“I woke up this morning missing rowing but maybe that’s testimony to how nice and good it was to be doing that in that environment. Getting to the end and thinking, ‘I never want to do that again and I’m so glad it’s over,’ which is not how I feel. I loved being out there in the ocean. There were some times where I looked left, looked right, looked behind, looked in front, and thought, ‘This is so amazing, so tranquil, so nice to be such a part of nature.’”
All 21 teams experienced that tranquillity and used it to fundraise for charities. As of yesterday, Forsyth’s JustGiving page had more than £11,000. He rowed as Sporting Chance, in honour of one of two under his banner, a sports mental health charity set up by Tony Adams. “Sporting Chance was a charity I became associated with when they helped me get over the sudden death of my father, which happened in 2018,” he says. “I’m stuck in that crossover phase: I was brought up by someone who told you never to show your feelings, and men don’t have feelings. Then my teachings to my own daughter were to express your feelings and it’s OK not to be OK.
“I was having that conflict with myself. I couldn’t understand it in my own head, and I struggled to come to terms with the loss of my father. He was such a massive influence on my life without really realising it. The greater the love, the greater the loss.”
Forsyth’s father was a rugby league player and his son followed suit, playing semi-professionally for Doncaster Dragons, Scarborough Pirates, York Wasps and York City Knights. It was stories of the sport that kept him going during the quiet moments on the ocean. He had three iPhones loaded up with downloads, two of which broke.“I listened to a podcast that’s called Talking with TK, an Australian guy, and he interviews a lot of rugby league players,” he says.
“I downloaded the guy’s full catalogue of 200 interviews and listened to them backwards from 200 to 1. For one day, bizarrely I pretended I was getting interviewed on his podcast, sat there chatting away and giving my life story to him. That disassociated you from what you were doing.”
It was Forsyth’s connection to the sport that inspired the choice of the second charity: the Motor Neurone Disease Association, in honour of Rob Burrow, the former Leeds Rhinos and England half-back who revealed his diagnosis 14 months ago.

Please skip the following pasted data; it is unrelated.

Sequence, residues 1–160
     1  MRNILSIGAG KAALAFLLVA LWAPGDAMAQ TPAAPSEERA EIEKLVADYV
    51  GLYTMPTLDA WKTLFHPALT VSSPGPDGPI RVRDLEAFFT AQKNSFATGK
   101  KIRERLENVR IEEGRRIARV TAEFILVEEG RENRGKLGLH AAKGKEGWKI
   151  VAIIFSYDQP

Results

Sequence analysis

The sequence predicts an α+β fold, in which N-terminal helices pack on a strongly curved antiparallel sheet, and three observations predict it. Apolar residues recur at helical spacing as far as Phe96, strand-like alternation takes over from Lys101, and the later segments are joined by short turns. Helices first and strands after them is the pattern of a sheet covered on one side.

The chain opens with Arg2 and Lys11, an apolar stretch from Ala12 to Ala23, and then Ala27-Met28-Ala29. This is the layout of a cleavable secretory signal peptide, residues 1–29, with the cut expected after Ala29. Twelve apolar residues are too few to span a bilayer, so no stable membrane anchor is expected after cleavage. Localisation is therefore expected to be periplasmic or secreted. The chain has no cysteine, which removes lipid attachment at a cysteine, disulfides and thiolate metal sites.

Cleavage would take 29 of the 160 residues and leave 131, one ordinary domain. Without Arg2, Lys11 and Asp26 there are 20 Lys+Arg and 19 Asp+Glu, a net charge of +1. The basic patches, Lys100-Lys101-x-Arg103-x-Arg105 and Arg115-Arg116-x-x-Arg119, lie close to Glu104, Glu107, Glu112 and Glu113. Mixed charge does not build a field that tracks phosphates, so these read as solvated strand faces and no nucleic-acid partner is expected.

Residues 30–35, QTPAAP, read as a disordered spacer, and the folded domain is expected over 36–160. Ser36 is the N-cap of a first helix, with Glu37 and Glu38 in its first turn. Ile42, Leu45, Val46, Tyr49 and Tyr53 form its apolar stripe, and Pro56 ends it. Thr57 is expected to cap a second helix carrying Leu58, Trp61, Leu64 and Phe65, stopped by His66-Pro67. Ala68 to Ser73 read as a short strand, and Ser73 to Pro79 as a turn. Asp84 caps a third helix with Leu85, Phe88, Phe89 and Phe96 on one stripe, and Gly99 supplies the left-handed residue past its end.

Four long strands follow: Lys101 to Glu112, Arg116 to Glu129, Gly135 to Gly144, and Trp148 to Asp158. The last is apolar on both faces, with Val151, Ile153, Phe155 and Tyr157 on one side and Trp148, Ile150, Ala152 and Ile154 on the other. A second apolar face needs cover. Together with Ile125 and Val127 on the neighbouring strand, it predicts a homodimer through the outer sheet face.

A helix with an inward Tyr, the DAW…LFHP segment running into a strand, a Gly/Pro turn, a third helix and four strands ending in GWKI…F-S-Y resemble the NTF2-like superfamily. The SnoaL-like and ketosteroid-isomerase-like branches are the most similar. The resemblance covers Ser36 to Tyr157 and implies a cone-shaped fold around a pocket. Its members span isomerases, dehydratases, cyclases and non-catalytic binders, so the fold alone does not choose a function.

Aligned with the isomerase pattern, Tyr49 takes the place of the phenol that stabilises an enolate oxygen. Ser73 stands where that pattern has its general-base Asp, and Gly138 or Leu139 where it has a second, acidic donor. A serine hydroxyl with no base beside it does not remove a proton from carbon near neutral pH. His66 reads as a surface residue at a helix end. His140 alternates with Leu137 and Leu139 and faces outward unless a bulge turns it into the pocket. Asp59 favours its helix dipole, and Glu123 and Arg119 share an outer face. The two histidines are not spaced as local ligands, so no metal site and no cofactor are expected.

“The shock when Rob was diagnosed would have been felt by every person who supports and loves rugby league,” he says. “It’s amazing how that one person has raised the profile of such a horrible disease that has no cure.” Burrow had a message sent to Forsyth. “If there was one message that put salty water in my eyes and made it look like I was having a tear, that was the one message that did that.”
There is little time for Forsyth and his partner, Emma, to enjoy their Antiguan experience. They fly back to the UK today and once isolation is over, he will return to building the house that he left half-done for a married couple taking refuge in a motorhome, a dual status which he hopes is still the case. Quarantine does at least allow for plenty of sleep.
On the adventure front, Forsyth has his eyes on mountain-biking events in Australia, Iceland and Mongolia. Previously he has cycled the length of the UK and completed the Clipper Round The World Yacht Race. Of his many pursuits, he does not rate the Atlantic Challenge as his most difficult.
“This might sound a bit weird but I still think that running the London Marathon in 2012 was the hardest thing I’ve done,” he says. “That’s the one thing that has nearly broken me to the point that I nearly couldn’t finish. This, I always knew I would finish it, it was just a matter of when.
“If you were to put me in La Gomera now, and you’d have said it would take 73 days, I’d have said, ‘No, I think I can do quicker than that.’ If you took me back to La Gomera now and told me it was going to take me 73 days, I’d still set off and try to prove you wrong. You’re just at the mercy of the ocean. If you’re going to have days where you’re going to be on sea anchor for six days, not make forward motion, that’s just nature. If you don’t want to do that, don’t put yourself in nature’s environment.”